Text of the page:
Pauline Bradley (RCN and RISE) outlines the emergence of the notion of Social Justice during the Liverpool Dockers campaign and how the Tories have attempted to hijack the term.
SOCIAL JUSTICE – OUR RADICAL HISTORY, CENSORSHIP
AND HOW THE TORIES STOLE OUR TERM
Social Justice is a concept which has been stolen from the left and distorted beyond belief. Iain Duncan Smith’s Social Justice strategy has devised many “new” schemes to attack the poor such as universal credit which abolished income support and other benefits. Cuts, bedroom tax, benefit sanctions, food banks, increased poverty, misery and despair under the guise of Social Justice have become the norm to poor, working class people. The kind of double think in George Orwell’s classic 1984 and Tracy Chapman’s song “Talkin ‘bout a Revolution;” where
“Love is hate, War is peace, No is yes and We’re all free”
are good examples of capitalism’s dualism and deceptive language. We can now add
“Social Justice is Injustice,” to that list.
However the truth is that “Social Justice” has a proud history of class struggle and the Tories have stolen our language. People can be forgiven for not knowing the origin of the words “Social Justice” because the momentous struggle which gave birth to this idea was highly censored by a Tory government who were terrified that people may give support and solidarity to the workers who were waging this struggle. These workers were 500 Liverpool Dockers who were sacked in 1995 for refusing to cross a picket line, and who fought back until March 1997 with support from Dockers and other workers right across the globe!
In Hidden Agendas, John Pilger wrote that in September 1995, Dockers working for a private subsidiary called Torside were ordered to work overtime at a disputed rate. They protested and were sacked on the spot, followed by the entire workforce of 80 men. Three days later they mounted a picket line at the gates of the parent company Mersey Dock and Harbour Co (MDHC) and all 329+ men who included fathers and uncles of the Torside men, refused to cross. They too were dismissed.
Within 24 hours their jobs were advertised in the local press, it was the end of the bloodline. Men like Jim Campbell whose dad was killed on the docks, had 40 years service. Shock waves hit more than 8,500 men, women and children. Pat Dooley said “It was like someone had died in our house.”Few doubted they’d walked into a trap. Under Thatcher’s anti union laws, MDHC claimed it was “entirely independent” of Torside, so the Dockers “secondary picketing” was deemed to be illegal.
Support groups for the 500 sacked Torside and MDHC Liverpool Dockers sprung up all over Scotland, UK and the world. I lived in London and became involved in the London support group.
The London Support group was a very diverse group of people ranging from Labour party activists, Workers International activists, Workers Liberty, Socialist Outlook, Workers Power, trade unionists from NATFHE, Unison, ASLEF, CWU, TGWU, RMT, UCATT, AUT, Turkish and Kurdish comrades from DayMer and individuals who were political refugees from Iran and Africa, Pay day men’s network, Wages for Housework Campaign, Campaign for Human Rights in Turkey who formed during the dispute with the help of the Liverpool Dockers, among others. Meetings were weekly and very heated at times! They were always most productive when one or more of the Liverpool Dockers or the women’s group Women of the Waterfront (WOW) attended.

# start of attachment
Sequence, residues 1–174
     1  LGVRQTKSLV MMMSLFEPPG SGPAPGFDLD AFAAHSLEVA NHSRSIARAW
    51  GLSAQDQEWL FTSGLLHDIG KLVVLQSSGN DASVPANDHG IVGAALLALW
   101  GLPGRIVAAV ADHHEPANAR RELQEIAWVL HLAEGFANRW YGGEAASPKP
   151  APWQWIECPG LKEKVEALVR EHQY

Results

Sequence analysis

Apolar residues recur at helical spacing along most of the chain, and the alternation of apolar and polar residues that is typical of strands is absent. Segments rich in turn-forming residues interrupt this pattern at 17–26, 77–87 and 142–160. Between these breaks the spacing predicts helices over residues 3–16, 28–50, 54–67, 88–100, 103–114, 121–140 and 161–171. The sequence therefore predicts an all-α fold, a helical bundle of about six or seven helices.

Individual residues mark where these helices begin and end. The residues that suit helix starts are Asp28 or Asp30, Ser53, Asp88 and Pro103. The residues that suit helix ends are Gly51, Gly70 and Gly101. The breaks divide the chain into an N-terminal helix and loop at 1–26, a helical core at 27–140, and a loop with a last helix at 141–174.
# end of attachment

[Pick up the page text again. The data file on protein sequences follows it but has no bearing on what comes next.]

Support groups did tasks such as organising labour movement and union meetings for Dockers to attend, organise benefit gigs, fundraising of many kinds, demonstrations, posters, mailings, buses for demonstrations in Liverpool, writing articles to get the word out to try and beat the deliberate censorship of news of the dispute by the UK media.
This censorship was due to the ruling class’s awareness of the potential power of the Dockers. Tremendous acts of international solidarity happened several times during the dispute. As Docker Micky Tighe said “Bosses can move a factory if they don’t like workers organising, but they can’t move a port.”
For example in January 1997, 105 ports across the world were involved in solidarity with 500 sacked Liverpool Dockers, which hit shipping in 13 countries. Picket lines were set up and Dockers (or Long Shore workers in the USA, Wharfies in Australia etc) refused to cross that picket line. In the USA from Los Angeles to Seattle, all Oregon ports including Portland were shut down, Long Beach, San Francisco, Oakland, Tacoma, Dutch Harbour (Alaska) too. Also in Canada, Japan, Sweden, Denmark, Holland, Germany, France, Greece, Israel, Australia, New Zealand, Dockers along with other workers closed their ports for a day, sometimes several days in support of the sacked Liverpool Dockers. Hundreds of thousands of pounds were lost by shipping companies when these actions happened. Support groups would organise demonstrations and events to support these international dock strikes. However little was seen in the media due to the governments “D Notice” which is sent to media editors banning them from publishing certain “sensitive” stories.